But here's the thing I'd like to close with in a way that is perhaps more "closed" than I normally like to be.  This moment in my writing life is the result of a series of accidents and of some generous (and ungenerous) moments.  It's easy enough to tell writers, or anyone who invites creativity into their life, to be deaf to criticism.  First, creative people tend to be rather vulnerable.  Second, sometimes criticism is just what we need.  Perhaps it's more useful to tell them to be open to accident and to the delight it brings them.

5 comments:

  1. I think you could work up a very interesting nonfiction collection based on your blogposts!

    And yay for Sage Hill!

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    1. That's so kind, Bernadette. What I'm going to try doing is to develop some of the ideas that keep coming back here: ideas about minimalism, beauty, and craftsmanship.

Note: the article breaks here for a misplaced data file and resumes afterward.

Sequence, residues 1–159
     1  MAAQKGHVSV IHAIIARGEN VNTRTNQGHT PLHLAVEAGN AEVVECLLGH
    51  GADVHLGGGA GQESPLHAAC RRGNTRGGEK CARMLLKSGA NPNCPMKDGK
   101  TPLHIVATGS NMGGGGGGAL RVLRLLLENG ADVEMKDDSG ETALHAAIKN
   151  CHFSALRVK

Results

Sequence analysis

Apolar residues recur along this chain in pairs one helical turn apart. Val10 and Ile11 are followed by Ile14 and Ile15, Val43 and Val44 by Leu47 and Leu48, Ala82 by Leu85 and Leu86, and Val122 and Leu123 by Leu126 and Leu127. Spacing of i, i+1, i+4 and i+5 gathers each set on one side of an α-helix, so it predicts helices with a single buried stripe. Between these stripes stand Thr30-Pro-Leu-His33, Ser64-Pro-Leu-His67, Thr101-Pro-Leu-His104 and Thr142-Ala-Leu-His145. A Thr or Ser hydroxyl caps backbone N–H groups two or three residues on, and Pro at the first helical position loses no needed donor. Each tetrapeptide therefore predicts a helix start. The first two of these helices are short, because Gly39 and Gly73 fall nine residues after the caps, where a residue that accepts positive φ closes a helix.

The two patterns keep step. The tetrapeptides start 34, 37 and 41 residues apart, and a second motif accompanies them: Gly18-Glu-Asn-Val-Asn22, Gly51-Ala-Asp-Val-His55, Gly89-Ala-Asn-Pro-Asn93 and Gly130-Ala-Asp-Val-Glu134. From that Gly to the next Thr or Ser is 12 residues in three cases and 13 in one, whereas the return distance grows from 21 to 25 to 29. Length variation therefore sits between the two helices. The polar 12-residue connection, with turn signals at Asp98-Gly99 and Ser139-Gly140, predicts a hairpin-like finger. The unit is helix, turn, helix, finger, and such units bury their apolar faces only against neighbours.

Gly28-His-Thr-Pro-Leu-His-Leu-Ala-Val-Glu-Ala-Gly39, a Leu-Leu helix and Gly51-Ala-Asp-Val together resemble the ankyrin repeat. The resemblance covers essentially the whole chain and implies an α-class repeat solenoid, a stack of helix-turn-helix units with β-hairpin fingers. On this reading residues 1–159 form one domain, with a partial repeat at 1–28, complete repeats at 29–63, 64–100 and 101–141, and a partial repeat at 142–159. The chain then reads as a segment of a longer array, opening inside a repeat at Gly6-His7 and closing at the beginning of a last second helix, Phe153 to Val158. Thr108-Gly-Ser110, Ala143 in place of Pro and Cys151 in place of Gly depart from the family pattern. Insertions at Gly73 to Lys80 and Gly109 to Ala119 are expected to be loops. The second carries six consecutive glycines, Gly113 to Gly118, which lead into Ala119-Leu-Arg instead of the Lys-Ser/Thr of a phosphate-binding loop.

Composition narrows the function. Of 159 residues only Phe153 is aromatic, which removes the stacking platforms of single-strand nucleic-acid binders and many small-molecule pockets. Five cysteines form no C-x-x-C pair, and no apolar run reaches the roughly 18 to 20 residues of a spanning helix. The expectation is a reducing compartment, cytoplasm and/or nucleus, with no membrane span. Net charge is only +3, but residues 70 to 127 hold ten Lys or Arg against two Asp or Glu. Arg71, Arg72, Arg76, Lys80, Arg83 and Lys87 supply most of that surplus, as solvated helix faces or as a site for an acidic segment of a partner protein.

Do you find something about St. Michael's that encourages one to work? There's some grounded serenity there that I find really helpful.

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  2. Wonderful piece. I love essays -- writing them, reading them. They allow us a more leisurely voice somehow -- the one we use in conversation with people who are willing to follow us along unexpected paths where we encounter plants, interesting companions, music, quirks of geography and geology and history, and yes, even quilts.

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    Replies
    1. In "To Show and to Tell," Lopate talks about a friend of his who tries really hard to write fiction, and then writes essays for a "break." He thinks her essays better because they are so much more personal and the voice is so relaxed. Perhaps it's their very name--essay--to try--that already relieves us of some of the pressure. I also find that making myself write once a week means that often disparate things get thrown together and I have to be playful in order to make a whole. I hope I don't lose this sense of serendipity when I try to write more formal examples.